President and CEO of the Associated Press Gary Pruitt delivered a speech at the Hong Kong Foreign Correspondents’ Club on Monday. He stated that it should be a war crime for journalists to be killed in the line of duty– in the same way that it is a war crime to kill Red Cross volunteers.
Things have gotten so bad for journalists in Syria that The Sunday Times of London is refusing to accept freelancers photographs from the conflict. According to the Committee to Protect Journalists in a Feb. 6 posting, the paper for which American Marie Colvin was working when she was killed last year in Homs, doesn’t want to encourage those willing to risk their lives to get the story out. The site reports that 28 journalists were killed in Syria “in combat or targeted for murder by government or opposition forces,” as of mid-December, 2012. CPJ says two more have so far been killed this year in Syria.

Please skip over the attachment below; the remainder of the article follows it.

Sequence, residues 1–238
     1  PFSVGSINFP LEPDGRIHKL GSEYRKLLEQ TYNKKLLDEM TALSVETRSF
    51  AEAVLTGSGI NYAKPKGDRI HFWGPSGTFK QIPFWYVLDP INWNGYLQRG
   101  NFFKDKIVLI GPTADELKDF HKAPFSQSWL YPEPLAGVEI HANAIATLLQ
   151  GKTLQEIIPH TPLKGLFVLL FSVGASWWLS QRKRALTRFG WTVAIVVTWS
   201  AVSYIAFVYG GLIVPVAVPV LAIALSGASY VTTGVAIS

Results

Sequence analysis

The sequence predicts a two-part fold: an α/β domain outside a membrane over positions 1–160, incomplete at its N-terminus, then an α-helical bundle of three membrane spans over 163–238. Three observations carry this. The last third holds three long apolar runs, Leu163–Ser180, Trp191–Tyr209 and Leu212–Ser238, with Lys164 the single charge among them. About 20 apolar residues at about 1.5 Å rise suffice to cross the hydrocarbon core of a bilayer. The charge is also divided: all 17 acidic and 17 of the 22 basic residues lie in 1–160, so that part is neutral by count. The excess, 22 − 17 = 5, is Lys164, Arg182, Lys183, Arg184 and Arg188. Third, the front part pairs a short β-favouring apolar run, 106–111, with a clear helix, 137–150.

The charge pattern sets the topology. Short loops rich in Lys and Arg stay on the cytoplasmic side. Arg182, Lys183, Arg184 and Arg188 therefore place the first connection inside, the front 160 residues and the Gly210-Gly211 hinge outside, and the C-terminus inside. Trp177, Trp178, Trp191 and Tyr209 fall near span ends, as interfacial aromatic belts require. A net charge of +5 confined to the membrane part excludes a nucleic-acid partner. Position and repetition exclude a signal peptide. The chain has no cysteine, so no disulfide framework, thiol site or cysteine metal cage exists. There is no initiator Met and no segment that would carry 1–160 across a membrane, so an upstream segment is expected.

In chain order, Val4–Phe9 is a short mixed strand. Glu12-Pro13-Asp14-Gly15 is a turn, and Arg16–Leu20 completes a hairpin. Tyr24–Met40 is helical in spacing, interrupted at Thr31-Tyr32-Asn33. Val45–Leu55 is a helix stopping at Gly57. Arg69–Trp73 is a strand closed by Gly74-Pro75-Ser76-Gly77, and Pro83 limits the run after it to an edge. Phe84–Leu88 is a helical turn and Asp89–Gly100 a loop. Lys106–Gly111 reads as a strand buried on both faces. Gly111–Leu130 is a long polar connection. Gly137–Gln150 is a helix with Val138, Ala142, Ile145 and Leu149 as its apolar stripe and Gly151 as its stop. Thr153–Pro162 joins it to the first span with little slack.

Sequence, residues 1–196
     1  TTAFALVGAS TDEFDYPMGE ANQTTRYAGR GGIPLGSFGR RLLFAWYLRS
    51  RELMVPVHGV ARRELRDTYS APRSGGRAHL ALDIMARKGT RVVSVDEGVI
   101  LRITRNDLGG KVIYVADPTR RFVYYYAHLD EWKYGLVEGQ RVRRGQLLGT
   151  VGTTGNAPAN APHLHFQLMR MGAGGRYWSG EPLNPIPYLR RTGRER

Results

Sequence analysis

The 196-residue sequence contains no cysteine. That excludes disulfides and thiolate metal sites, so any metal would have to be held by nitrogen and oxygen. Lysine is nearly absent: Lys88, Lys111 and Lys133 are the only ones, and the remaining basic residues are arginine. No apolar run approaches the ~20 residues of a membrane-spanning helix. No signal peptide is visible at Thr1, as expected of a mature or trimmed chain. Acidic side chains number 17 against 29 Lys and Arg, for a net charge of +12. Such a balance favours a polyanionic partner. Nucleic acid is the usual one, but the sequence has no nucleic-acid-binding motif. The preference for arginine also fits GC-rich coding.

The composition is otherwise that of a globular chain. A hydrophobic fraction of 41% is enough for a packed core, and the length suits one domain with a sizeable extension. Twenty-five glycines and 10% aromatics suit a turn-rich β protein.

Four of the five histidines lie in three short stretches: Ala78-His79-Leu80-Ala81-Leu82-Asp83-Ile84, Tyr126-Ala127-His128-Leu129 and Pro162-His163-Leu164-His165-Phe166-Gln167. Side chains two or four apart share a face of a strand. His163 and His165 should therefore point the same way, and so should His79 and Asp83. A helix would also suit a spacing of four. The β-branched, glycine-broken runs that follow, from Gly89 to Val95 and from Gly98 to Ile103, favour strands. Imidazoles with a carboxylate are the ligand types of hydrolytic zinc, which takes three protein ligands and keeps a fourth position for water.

CPJ quotes Paul Wood, a BBC Middle East correspondent who covered Iraq and numerous other wars, as saying the Syrian conflict “is the most difficult one we’ve done.” Bashar al-Assad’s government sought to cut off the flow of information by barring entry to international reporters, forcing Wood and many other international journalists to travel clandestinely into Syria to cover the conflict. “We’ve hidden in vegetable trucks, been chased by Syrian police—things happen when you try to report covertly.” http://www.cpj.org/